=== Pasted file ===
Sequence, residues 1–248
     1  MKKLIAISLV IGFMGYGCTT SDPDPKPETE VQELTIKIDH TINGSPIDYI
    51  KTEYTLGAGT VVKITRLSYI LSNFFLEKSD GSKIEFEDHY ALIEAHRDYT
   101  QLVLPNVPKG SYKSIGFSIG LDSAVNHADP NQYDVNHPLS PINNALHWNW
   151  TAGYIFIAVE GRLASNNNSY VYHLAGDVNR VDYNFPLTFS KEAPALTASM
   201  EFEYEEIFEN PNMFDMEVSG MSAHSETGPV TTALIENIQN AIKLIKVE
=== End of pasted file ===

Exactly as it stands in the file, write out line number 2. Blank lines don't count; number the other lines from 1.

     1  MKKLIAISLV IGFMGYGCTT SDPDPKPETE VQELTIKIDH TINGSPIDYI